The Farrell Report

Who stole my headphones?

Noah Farrell, Entertainment Editor

It was a quiet Tuesday afternoon in journalism class. Mrs. Russ was delivering a lecture to the newbies about how to write stories and the editors were typing away, working on our first issue.
What was I doing you may ask?
Well, I was enjoying a nice donut and listening to my local NPR station (support your local radio) scouting out for any potential news for our up-to-date newspaper. The narrator of the story was soothing me into a nice slumber (Lakshmi Singh where you at!) when I received a urgent notification from mother nature, one that needed my immediate attention.
After I had returned from my journey, I had settled back into my shlump when I noticed a disturbance. My $45 wireless bluetooth earphones had disappeared from my computer.
Immediately, I checked in the case, but that was missing as well. I soon realized that there was only one person who could solve this mystery, the man who exposed Deep Run for the fraudulent advertising of chicken. That man, was me. Dun Dun Dun!
I looked up to see our SCA senior class secretary and editorial editor Maria, sitting right in front of me. When I pressed her for information on the thief, she only shrugged; however, when I pushed for more information, she responded with “I dunno.”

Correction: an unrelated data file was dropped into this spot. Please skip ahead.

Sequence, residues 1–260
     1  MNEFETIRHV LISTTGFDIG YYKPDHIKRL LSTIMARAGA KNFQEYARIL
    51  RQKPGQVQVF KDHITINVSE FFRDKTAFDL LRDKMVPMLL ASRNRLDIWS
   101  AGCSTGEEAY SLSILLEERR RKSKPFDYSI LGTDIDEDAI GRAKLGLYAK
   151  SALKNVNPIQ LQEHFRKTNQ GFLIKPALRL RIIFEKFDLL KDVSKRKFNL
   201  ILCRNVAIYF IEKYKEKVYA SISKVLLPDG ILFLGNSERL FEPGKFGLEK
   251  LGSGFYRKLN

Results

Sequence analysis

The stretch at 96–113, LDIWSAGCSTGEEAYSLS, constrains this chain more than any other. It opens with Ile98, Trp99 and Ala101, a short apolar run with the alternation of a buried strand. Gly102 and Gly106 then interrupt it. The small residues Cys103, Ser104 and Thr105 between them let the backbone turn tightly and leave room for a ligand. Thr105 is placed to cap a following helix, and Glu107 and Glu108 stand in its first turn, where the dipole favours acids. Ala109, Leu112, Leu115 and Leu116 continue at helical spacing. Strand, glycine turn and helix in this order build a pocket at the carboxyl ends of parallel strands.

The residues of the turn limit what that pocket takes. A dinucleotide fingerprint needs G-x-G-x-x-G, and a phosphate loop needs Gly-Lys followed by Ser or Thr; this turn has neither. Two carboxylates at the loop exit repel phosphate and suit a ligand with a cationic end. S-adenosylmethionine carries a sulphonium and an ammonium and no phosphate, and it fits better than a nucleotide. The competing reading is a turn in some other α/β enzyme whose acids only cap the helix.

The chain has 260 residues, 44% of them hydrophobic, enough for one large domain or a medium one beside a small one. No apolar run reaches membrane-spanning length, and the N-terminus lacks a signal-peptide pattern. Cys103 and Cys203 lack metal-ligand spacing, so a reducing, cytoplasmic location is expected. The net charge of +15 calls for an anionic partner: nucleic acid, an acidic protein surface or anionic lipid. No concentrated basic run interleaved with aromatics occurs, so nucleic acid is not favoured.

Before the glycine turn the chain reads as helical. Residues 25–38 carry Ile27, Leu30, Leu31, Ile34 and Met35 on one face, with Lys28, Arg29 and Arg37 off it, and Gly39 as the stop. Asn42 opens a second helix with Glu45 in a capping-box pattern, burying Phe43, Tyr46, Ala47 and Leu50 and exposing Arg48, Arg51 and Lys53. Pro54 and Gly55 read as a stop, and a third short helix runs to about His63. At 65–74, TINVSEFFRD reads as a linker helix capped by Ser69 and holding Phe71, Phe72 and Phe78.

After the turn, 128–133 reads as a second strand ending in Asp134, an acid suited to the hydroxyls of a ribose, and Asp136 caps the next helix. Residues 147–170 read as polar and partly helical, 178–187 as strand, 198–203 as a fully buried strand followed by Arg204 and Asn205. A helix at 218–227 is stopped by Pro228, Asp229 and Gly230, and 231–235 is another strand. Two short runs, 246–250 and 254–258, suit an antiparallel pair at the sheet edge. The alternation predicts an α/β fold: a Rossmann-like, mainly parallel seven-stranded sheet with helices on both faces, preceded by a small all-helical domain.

I hit a dead end. I have never felt so helpless in my entire life. My second pair of the most expensive set of earphones I ever had were gone. That all changed when I received a hint of info from our ad manager, Anselm. The note only said one name: Jenna.
That hint was practically useless because there are two Jennas in journalism, but I decided to go with the most likely burglar, Jenna, our features editor.
I pressed for the answers; I knew she had them. She was the eyes and ears of the journalism class, listening to conversations because she had nothing better to do.
Jenna had good answers, but she was untrustworthy. She attempted to frame Azzah, a well spoken co-co-editor in chief. But pushing her for an answer led me on a much darker path.
“I don’t care, frame me for anything you want!” Azzah replied with an extremely aggravated tone, which is no way to talk to subordinates. Not cool Azzah, not cool.
Seeing as Catherine, the other other editor-in-chief, was never in the mood to talk, I took it to the other other other, our third editor-in-chief, Jessica.
She said through a perfectly constructed poker face,”What headphones?”
I knew that she was lying to me. I got up to press for more information when I felt my earphones fall out of my shirt pocket.
Relieved, I sat back down and turned back on my WCVE Richmond, the height of public radio. Maybe I shouldn’t have blamed other people before making sure it wasn’t my fault. Maybe I should make sure I don’t accuse innocent people who don’t deserve to be antagonized. Doesn’t matter though; at least I found my $45 wireless bluetooth earphones.